Thursday Salute to Originals: The Urban Art of Banksy

As the world of art well knows, definitions to describe pieces often vary from person to person. One’s art can be another’s waste of time. This finds few truer examples than the realm of street art or graffiti. While most won’t cite the attributes of gang signs, there exists a large subset of graffiti artists that use the streets, structures, and objects of the urban landscape to depict social or political commentary, inspiring ideas, or simple whim.   Few run the gamut and have aroused society’s interest the way that Banksy does.

Working with the urban infrastructure, he will often use previous graffiti, paint splotches, urban decay, or object interactions to spawn his artistic ideas and give a sense of place to his art. For example, a crumbling wall façade that reveals the stone work underneath will form the basis of a piece, as will pipes and conduits on the outside of a building.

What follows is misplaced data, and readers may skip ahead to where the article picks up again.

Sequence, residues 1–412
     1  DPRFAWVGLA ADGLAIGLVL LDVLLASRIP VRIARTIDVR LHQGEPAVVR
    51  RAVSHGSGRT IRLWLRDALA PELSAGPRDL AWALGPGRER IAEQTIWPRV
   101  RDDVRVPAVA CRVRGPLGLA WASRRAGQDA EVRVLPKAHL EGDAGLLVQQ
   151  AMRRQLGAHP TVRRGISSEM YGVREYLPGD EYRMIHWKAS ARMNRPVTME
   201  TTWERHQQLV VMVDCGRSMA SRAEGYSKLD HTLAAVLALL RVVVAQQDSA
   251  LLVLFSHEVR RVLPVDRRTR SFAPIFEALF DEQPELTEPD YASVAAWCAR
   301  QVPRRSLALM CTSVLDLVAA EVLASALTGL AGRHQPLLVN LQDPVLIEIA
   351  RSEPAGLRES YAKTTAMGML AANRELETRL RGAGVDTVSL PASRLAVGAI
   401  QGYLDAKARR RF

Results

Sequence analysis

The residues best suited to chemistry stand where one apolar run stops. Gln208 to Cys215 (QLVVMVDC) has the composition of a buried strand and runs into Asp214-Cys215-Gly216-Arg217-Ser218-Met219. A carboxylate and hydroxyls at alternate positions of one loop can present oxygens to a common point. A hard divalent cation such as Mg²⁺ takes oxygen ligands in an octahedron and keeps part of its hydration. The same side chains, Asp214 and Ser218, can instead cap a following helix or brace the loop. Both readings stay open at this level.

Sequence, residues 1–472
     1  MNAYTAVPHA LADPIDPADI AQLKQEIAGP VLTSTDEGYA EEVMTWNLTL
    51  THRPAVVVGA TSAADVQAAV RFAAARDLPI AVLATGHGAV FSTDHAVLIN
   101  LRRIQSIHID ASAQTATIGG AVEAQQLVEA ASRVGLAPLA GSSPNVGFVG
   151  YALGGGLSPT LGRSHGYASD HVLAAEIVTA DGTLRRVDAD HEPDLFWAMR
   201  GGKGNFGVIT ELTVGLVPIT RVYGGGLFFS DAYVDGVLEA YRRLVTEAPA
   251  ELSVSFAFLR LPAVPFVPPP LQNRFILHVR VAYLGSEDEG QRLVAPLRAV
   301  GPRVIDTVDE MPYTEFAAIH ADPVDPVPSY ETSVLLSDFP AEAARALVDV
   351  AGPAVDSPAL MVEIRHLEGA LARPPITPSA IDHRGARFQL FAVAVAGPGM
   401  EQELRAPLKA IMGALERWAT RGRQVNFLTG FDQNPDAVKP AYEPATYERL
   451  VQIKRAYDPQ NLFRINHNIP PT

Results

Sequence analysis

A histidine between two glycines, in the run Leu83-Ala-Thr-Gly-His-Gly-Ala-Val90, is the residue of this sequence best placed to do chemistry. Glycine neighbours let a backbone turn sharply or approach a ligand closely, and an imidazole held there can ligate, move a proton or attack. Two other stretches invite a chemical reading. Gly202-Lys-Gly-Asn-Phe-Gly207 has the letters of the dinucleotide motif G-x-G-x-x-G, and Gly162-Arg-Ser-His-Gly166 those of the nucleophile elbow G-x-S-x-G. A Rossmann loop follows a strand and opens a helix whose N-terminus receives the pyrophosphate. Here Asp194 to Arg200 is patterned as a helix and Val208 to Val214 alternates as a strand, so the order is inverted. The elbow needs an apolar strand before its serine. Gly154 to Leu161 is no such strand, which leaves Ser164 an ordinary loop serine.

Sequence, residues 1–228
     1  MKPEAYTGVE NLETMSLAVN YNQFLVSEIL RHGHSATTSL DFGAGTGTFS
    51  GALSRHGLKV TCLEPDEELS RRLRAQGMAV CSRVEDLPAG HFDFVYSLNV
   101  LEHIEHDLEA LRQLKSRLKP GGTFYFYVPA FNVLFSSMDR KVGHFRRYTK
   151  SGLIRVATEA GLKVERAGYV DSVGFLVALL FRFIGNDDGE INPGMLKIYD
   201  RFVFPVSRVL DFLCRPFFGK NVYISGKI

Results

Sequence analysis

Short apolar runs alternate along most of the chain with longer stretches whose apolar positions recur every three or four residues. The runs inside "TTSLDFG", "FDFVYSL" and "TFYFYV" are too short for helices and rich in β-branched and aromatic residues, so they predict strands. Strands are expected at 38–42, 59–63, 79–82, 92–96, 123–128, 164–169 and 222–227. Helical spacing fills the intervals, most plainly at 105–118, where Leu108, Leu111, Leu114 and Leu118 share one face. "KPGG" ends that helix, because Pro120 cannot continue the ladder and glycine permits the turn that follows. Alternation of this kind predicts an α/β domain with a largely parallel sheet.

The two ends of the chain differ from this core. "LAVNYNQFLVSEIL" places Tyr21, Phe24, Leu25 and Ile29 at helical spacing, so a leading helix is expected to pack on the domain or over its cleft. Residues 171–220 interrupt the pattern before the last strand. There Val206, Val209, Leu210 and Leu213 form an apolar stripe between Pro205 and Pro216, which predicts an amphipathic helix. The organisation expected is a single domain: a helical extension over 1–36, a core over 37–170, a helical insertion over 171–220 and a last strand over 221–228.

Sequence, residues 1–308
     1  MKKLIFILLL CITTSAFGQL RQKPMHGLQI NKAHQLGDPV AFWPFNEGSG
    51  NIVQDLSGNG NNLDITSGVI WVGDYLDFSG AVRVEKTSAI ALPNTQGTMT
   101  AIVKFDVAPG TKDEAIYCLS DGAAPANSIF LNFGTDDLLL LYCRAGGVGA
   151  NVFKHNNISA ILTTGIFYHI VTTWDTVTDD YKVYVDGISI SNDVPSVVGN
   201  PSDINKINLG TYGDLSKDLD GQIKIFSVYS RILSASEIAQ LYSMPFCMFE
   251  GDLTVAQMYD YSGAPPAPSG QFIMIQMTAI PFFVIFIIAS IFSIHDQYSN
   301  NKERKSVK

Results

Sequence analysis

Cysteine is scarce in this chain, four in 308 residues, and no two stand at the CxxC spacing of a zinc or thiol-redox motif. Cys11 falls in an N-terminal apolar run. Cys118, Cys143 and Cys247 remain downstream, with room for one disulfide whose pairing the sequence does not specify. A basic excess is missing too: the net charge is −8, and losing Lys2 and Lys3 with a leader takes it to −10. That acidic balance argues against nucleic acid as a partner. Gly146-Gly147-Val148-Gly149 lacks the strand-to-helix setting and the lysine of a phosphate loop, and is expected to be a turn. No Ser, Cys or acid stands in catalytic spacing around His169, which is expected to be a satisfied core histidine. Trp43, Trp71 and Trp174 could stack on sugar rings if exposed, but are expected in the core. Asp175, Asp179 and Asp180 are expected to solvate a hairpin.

From California, to New Orleans, the UK, and Palestine, his primarily stencil-based work inspires thought, provokes amusement, and draws both the ire and admiration of many. A great number of pieces have been painted over and most work takes place during the twilight hours to avoid the authorities and the threat of arrest. Conversely, an exhibit of his works in Bristol brought over 800,000 visitors during a twelve week period. This graffiti tagger has broken into the mainstream art community with shows in Los Angeles and auctions by Sotheby’s. When a couple sold their house featuring a Banksy mural they listed the home with art dealers instead of real estate agents. His directorial film debut, the documentary Exit Through the Gift Shop, has been featured at the Sundance Film Festival and nominated for an Academy Award.

Most who speculate about his origins agree that this primarily stencil-based artist originated in Bristol, though confirming that Banksy is a male or even one person has yet to be accomplished. Inherent with the nature of his medium and techniques, Banksy prefers to remain anonymous and uses a mask while tagging. Regardless of his identity, this artist has redefined what it means to make public art and increased awareness for the beautiful decay of the urban landscape.

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